A sermon by Rev Richard Keith on Isaiah 9:2-7 and Luke 2:8-16 on Christmas Eve 2018
Our message tonight is about the light that shines in the darkness. The message of joy to the broken-hearted. The song of peace for our war-torn world. It’s a message we need today as much as any time before us.
For I was a child of the Cold War, born during the Vietnam War. I grew up in a time dominated by two super powers and I lived in the shadow of mutually assured destruction. And yet I lived long enough to witness two extraordinary moments. The fall of the Berlin Wall and the end of the Apartheid regime in South Africa. These two events seemed to promise that we could all at last live in freedom and peace.
Sadly, that promise was still-born. The faces changed in Africa, but corruption continues, and the fall of the Soviet empire gave birth to a host of conflicts. Bosnia. Kosovo. Afghanistan. Iraq. Isis. Ukraine. Why is peace as elusive as ever? Why do men of war always seem to rise to the top? Is it not because we are all so afraid? Is it not because we are too scared to surrender our weapons and to leave ourselves defenceless?
In Isaiah chapter 9 and Luke chapter 2 we hear two songs of peace that ring out louder than the cries for war. Together they speak of the child who will calm our fears and disarm our hearts and bring us peace.
Isaiah chapter 9 is a song of promise. It is the promise of the coming of light to those who live in the darkness, who dwell under the gloom of the shadow of death. It is the promise of the coming of joy. A joy like those who have gathered in the harvest. Like those whose labour has not gone unrewarded. Who have worked all season and lived to see the earth bring forth its fruits in response. Who now may feast knowing that they will have food for the winter.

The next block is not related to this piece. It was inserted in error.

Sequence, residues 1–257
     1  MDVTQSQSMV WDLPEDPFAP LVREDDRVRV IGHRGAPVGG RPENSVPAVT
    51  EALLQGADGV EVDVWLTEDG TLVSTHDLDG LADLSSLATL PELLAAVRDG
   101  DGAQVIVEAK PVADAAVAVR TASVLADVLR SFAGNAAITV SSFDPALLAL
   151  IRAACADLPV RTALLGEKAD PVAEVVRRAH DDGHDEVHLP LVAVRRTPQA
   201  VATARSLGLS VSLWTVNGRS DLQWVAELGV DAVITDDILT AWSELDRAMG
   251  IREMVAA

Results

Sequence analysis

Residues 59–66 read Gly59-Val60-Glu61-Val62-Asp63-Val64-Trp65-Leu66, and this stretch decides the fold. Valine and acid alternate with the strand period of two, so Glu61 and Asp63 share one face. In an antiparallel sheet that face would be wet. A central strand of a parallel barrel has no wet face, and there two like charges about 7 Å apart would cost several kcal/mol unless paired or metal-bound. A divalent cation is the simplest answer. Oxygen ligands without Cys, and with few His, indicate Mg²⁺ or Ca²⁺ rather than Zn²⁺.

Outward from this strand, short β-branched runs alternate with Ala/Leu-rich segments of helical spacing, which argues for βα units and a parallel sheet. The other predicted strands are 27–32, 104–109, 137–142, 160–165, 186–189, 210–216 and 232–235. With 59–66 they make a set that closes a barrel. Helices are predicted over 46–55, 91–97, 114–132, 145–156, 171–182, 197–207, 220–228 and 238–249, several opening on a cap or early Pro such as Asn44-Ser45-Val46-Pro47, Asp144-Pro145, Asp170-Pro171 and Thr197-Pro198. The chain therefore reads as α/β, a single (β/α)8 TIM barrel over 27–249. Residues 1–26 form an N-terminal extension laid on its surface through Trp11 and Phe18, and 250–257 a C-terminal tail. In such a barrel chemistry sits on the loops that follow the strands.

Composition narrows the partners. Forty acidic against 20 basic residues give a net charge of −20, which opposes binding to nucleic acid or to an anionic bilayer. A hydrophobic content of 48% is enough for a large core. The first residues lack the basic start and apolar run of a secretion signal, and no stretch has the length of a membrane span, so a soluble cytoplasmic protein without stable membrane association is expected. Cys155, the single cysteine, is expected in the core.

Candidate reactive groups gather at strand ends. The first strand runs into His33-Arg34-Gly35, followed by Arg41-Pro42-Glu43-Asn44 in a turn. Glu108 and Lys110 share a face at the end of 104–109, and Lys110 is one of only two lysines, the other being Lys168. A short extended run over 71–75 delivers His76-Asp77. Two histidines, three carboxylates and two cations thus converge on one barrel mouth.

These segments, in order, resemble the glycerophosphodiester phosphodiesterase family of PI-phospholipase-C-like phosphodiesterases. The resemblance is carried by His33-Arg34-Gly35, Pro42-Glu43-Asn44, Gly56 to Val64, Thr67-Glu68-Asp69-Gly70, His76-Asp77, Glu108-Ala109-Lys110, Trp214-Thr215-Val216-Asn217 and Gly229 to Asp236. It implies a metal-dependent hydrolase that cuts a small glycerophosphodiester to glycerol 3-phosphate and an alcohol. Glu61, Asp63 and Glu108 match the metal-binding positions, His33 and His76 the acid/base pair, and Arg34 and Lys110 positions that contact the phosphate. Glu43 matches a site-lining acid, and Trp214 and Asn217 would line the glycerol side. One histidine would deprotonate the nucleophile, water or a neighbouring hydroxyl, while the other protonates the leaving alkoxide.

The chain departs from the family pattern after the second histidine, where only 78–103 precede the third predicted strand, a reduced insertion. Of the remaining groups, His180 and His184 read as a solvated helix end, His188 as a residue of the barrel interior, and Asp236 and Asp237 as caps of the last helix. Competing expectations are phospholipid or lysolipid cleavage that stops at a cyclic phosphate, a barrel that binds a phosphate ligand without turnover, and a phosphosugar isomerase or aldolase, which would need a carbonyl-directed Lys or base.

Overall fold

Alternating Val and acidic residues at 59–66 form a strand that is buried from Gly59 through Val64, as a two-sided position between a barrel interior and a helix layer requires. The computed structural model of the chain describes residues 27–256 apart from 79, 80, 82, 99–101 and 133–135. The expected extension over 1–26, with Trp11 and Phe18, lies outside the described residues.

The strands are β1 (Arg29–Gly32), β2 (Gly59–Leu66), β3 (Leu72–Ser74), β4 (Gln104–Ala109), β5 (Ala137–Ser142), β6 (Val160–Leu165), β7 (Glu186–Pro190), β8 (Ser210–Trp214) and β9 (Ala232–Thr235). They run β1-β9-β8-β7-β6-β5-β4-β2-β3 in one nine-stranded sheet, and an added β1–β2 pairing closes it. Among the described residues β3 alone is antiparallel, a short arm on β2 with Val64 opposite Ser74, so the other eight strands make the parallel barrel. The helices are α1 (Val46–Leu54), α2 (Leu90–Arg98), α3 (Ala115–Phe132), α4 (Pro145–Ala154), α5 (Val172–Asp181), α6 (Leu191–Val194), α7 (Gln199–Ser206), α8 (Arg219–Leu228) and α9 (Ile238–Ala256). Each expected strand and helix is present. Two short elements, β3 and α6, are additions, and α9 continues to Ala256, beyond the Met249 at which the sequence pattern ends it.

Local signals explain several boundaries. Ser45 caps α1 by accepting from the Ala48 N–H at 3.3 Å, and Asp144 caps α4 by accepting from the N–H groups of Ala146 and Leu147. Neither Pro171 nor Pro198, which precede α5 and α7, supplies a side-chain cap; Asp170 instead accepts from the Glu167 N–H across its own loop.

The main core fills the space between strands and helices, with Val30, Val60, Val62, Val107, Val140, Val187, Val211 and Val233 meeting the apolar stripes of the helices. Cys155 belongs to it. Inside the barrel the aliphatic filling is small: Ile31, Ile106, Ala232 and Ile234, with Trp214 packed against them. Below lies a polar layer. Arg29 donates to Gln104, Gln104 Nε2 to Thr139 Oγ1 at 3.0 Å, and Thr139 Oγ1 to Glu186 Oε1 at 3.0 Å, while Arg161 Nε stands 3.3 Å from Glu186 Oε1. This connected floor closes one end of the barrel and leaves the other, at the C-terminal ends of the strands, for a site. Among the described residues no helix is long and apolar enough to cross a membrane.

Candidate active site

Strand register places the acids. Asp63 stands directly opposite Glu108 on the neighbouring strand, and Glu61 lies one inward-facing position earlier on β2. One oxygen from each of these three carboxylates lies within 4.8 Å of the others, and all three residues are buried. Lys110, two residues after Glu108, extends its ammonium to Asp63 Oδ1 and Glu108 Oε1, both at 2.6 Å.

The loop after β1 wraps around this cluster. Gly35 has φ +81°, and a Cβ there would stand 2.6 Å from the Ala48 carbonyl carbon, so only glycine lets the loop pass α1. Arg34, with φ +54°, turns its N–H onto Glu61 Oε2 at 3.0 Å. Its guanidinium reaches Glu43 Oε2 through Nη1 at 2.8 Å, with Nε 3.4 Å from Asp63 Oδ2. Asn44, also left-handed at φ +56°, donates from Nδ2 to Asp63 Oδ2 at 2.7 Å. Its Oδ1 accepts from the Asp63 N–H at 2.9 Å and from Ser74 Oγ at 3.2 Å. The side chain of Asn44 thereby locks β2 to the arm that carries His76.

It is a joy like those who have been victorious in battle. They left their homes. They put down their hammers and ploughs and took up swords and shields and against all hope they turned back their oppressors and regained their freedom. Their bloodied uniforms are good for nothing now but to be burned to stop the spread of disease, and the precious metals of their weapons can be put to better use as agricultural implements. They can go back to their regular lives. Their sons will not need to fight and their daughters will be safe from violent men.
These hopes that stand in bleak contrast to the cycles of violence that never seem to end, rest not upon a man of war, a man of strength. They rest instead on a child of peace. For us a child is born. To us a son is given. And the government will be upon his shoulders. He will not bring us sharper swords and bigger guns and thicker armour. But he will bring wisdom and justice. Wisdom that can cut through the lies that we believe. And justice that will right the wrongs, not just of a privileged few, not just for one side of the conflict, but for all. He will come in the name of God equipped with all the divine power. In the shelter of his rule their will be no need for weapons. No one will be afraid. The cycle of violence will come to an end. Everyone will be able to put down their swords and go home.